skip to Main Content

California’s Future: Optimists vs. Pessimists

Lunna Lopes January 12, 2015
HalfFullGlass

Californians begin the new year divided in their view of the state. According to the December 2014 PPIC Statewide Survey, half of California adults think the state is headed in the right direction (50%) and a similar proportion (52%) expect the state to have good economic times in the next 12 months. More than a third (37%) think California will be a better place to live in 2025, and a similar proportion (37%) believe children growing up in the state will be better off financially than their parents.

While most Californians responded to these questions with a mix of optimism and pessimism, we found some interesting differences between the 14% of Californians who gave positive responses to all four questions—let’s call them the optimists—and the 13% who expressed consistently negative views—the pessimists.

Demographically speaking, the optimists tend to be younger, less educated, and have lower incomes than the pessimists. Optimists are also less likely to have been born in the United States.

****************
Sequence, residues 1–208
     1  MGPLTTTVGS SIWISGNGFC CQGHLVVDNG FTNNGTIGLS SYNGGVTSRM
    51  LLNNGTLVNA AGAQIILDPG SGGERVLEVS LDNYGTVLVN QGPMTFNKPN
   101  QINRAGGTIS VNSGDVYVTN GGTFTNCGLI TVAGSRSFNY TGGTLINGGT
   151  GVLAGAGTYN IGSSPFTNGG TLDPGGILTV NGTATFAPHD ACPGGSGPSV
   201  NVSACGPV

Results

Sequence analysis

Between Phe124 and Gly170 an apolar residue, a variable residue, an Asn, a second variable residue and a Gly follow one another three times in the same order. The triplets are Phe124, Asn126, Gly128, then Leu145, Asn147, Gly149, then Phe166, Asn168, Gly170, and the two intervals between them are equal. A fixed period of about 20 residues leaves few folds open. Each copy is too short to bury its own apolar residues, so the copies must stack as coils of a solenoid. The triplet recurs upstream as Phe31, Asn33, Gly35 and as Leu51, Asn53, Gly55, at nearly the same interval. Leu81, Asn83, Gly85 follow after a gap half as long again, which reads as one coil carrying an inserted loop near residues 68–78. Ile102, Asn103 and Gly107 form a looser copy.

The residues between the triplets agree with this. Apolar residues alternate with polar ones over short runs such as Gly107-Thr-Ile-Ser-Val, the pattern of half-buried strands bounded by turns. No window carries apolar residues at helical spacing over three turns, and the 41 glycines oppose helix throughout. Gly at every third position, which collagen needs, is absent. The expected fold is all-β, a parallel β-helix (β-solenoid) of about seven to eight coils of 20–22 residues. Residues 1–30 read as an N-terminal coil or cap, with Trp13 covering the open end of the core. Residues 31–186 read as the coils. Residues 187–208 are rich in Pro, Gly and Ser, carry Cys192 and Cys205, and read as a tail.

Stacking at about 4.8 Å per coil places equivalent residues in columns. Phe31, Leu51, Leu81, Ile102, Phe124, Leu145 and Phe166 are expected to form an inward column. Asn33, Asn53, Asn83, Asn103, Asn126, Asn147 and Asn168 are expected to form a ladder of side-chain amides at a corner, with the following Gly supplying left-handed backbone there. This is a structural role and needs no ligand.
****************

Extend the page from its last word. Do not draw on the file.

Politically, optimists are more likely to be Democrats and pessimists more likely to be Republicans. Optimists are spread across the ideological spectrum, while pessimists tend to be ideologically conservative. Optimists are also far less likely to be registered voters than their pessimistic counterparts.

The differences between the state’s optimists and pessimists are particularly stark when we examine their attitudes toward government. Even though optimists are less likely to be registered to vote, they are more trusting of government than pessimists: 63% of optimists believe that state government is run for the benefit of all the people, while 93% of pessimists think it is run by a few big interests. Moreover, optimists would prefer to pay higher taxes and have a state government that provides more services (71%), while pessimists favor lower taxes and fewer services (69%). More specifically, optimists are more likely than pessimists to support extending Proposition 30 tax increases (68% of optimists favor an extension, 67% of pessimists oppose) and are more likely to say they would be willing to pay more taxes to fund higher education (61%, compared to 23% of pessimists).

Will California’s trusting optimists become more electorally involved? Or is the record-low voter turnout in last November’s election a sign of increasing disengagement? Certainly, one of the state’s key challenges is to get more voters—both optimists and pessimists—to the polls.

Back To Top